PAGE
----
The supreme court ruling in favor of the coach leading prayer in public school, effectively sanctions the bullying of non-Christian kids.
One of the worst days I can remember happened in the seventh grade. Since then, there have been many other bad days that made that one look like a walk in the park. But from birth up until that point, that one was the worst.
I was wearing a brand new outfit that included a shirt that had a super awesome bitchin’ cat on it. And glitter. So not only was I sporting my favorite animal, it was sparkly too.
The problem: there was a girl who was wearing the same shirt, on the same day.
That fact alone would have been devastating to my 12-year-old self. But this particular girl had been the target of bullies that had so far ignored me. They made fun of her because her clothes all came from K-Mart.
For those that aren’t familiar, K-Mart was the not nearly as cool old school version of Walmart. Shopping at K-Mart meant you were poor. Embarrassingly poor.
And now we were wearing the same shirt. My young life was officially over. The cat was out of the bag; I sometimes bought my clothes at K-Mart, just like the un-coolest girl in school.
I spent that day being laughed at by all the cool girls, including the 2-mile walk home from my rural school bus stop. When I got home, I promptly threw what had been my new favorite shirt in the trash.
My mother, ever supportive, understood completely. She had grown up awkward and Catholic and subjected to bullying by nuns. She probably felt a little guilty because I had begged her not to take me shopping at K-Mart for this very reason.
The school was also sympathetic to my plight, as well as that of other K-Mart girl. Up until that point, they hadn’t been aware of our school’s resident mean girls. But once they were, they took action. They called their parents, and several of those who had been seen engaging in bullying behavior were talked to by the school counselor. While there were still giggles and stares, the bullying at least about clothing was effectively ended.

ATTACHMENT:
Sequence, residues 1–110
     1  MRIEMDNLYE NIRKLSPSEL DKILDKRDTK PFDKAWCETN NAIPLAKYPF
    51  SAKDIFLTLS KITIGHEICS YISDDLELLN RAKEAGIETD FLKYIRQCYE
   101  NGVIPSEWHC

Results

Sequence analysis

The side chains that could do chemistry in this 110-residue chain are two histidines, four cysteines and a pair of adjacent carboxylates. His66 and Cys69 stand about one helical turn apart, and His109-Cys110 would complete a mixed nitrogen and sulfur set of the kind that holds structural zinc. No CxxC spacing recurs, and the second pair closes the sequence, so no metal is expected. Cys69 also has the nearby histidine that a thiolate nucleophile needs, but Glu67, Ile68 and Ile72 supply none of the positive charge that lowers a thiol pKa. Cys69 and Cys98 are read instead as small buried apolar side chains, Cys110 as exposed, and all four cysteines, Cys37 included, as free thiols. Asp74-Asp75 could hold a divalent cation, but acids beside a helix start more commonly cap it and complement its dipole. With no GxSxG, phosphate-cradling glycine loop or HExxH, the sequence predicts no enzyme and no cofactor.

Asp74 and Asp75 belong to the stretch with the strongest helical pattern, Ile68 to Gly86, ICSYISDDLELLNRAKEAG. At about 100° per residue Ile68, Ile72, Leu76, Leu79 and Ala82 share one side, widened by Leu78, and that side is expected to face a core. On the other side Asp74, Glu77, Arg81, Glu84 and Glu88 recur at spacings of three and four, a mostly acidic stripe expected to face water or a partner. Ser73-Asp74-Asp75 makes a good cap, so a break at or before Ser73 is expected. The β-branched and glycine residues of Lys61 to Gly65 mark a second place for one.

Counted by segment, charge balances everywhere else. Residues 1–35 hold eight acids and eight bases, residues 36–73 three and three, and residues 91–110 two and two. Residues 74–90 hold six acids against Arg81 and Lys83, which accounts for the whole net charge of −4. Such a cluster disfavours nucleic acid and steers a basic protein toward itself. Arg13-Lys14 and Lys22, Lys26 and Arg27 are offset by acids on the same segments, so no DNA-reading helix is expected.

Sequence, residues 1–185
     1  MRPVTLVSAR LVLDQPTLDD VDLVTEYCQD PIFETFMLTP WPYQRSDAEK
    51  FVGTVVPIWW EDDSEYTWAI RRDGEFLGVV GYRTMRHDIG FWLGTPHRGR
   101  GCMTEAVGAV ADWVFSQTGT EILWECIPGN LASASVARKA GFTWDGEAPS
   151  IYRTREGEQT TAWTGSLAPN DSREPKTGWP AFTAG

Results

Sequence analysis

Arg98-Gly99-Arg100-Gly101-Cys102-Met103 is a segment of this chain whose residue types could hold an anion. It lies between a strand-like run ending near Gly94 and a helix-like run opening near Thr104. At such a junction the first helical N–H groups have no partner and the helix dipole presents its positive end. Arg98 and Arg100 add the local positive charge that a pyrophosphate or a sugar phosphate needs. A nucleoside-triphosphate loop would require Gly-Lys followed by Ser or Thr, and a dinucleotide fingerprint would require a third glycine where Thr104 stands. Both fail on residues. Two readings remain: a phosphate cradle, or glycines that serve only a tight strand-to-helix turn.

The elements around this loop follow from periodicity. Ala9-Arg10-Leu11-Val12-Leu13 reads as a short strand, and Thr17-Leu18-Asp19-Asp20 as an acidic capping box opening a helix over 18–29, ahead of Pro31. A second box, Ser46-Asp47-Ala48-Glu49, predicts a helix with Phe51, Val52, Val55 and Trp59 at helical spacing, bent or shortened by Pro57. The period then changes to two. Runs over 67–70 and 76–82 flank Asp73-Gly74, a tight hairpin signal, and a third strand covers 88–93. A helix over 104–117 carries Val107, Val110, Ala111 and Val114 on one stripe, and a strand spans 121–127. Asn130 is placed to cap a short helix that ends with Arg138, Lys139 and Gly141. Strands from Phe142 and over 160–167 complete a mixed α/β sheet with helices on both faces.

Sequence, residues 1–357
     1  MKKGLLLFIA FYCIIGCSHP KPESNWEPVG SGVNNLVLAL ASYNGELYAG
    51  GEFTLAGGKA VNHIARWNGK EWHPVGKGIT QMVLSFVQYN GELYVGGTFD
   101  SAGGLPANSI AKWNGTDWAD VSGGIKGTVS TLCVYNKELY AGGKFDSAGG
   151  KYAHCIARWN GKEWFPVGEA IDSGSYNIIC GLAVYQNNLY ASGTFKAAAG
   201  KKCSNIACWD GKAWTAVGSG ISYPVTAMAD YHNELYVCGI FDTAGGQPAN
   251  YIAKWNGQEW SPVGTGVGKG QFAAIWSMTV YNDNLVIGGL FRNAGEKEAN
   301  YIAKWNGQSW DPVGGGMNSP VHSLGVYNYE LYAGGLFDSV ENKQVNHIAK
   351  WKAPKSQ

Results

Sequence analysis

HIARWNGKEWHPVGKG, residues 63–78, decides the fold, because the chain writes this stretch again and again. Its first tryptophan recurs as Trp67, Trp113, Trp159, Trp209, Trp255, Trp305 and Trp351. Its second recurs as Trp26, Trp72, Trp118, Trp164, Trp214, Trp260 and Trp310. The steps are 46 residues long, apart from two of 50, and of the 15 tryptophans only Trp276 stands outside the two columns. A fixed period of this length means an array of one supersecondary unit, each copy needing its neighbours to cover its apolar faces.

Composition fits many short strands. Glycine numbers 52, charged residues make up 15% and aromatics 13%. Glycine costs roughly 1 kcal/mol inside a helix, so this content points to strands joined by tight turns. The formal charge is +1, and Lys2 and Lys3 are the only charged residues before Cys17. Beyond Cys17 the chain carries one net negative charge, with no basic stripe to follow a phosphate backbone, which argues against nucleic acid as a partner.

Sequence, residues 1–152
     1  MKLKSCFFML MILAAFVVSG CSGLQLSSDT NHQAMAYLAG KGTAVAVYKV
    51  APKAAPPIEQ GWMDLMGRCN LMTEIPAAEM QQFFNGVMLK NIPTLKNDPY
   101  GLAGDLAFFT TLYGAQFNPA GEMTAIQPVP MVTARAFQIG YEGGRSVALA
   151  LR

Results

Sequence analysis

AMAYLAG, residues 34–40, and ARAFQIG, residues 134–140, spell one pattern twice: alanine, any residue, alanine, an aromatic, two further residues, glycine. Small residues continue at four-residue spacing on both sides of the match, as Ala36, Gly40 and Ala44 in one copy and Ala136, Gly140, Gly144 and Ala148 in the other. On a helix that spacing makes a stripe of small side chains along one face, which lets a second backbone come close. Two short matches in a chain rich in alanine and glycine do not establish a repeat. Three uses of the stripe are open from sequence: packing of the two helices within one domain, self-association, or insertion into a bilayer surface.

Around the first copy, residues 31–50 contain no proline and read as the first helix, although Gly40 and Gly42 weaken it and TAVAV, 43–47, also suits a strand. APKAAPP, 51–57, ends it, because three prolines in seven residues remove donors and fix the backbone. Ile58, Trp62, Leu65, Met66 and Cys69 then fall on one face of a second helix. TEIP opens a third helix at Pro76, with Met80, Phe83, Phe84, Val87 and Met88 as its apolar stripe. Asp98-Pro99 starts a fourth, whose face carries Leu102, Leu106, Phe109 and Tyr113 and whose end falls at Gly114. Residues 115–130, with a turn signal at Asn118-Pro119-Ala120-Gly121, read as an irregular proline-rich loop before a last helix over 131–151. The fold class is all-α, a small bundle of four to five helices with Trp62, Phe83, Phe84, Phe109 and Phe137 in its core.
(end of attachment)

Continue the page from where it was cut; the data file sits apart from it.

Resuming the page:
I think most people have had some type of experience like this in school. The overwhelming need to fit in fueled by hormones and tumultuous emotions. Kids are desperately trying to figure out who they are and how they relate to the world and the people in it at that age. It’s much worse for some than others, but I think everyone can relate to feeling this way at some point during their school career. Even bullies have been bullied at some point.
My son was no exception. Born with a smart mouth inherited from his mother, like me, he had a difficult time making friends in school. He also happened to be on the autism spectrum, which didn’t help at all. My son missed social cues, but he also had an unfortunate tendency to be brutally blunt and honest. He was not the kid that might pretend to like something he didn’t just to fit in.
When a conversation about God and the bible came up in his 6th grade shop class, he told the truth. One kid in the group asked him his opinion on the subject, he answered honestly. He said that he wasn’t a Christian, and didn’t believe that the bible was proof of God.
The table erupted. The kids gasped in disbelief, and began to berate him for his non-belief. It only escalated when my son refused to walk back his statement.
The teacher heard the commotion and began to fear for my son’s safety. My son was escorted from class and to his next one. In subsequent days, my son was called a “devil worshipper,” had a kid threaten him and our family with hell, and had a makeshift bible planted on his desk.
Unlike my own no good very bad day, the school did not have his back.
When I reported these incidents to the school, I was told it was no big deal. Kids were kids. And besides, my son had offended their beliefs. He was obviously the instigator in the situation.
And this didn’t happen in some super conservative state in the Bible belt. This happened in the suburbs of deep blue California.
This religious bullying was dismissed as “kids exercising their religious freedom.” Same as my son’s 7th grade math teacher who invited his students, including mine, to join his church youth group. The same math teacher who informed them of the miracle of intelligent design.
Had my kid been a bit different, he may have thought to lie when asked about his beliefs. He would have felt the pressure to fit in, and tailored his answer in an effort to not rock the boat. Something he said he wished he had done in hindsight.
Now imagine the pressure on kids to bow their heads in prayer with their public school coach. A man they likely look up to. And even if they don’t, they know he holds the key to their school sports opportunities. They’re part of a team and need to represent a united front in the presence of their opponents.
Even my kid, in his social naiveté, would recognize that honesty would result in dire social consequences in that situation.
Because Christianity is considered synonymous with being good in many cases, and conversely not being Christian is bad. That’s what makes the recent Supreme Court ruling so heinous.
The conservative Justices have sanctioned and even condoned the coercion and bullying of non-Christian kids in our public schools.
The wall between church and state that already only offered flimsy protection for our secular children was not just chipped. It was not weakened. It was obliterated.
As a parent of a secular kid who at the age of 12 faced death threats, was called “evil,” and was effectively abandoned by the school in favor of Christian kids, I am terrified.
And whether or not you are a nonreligious person, you should be too.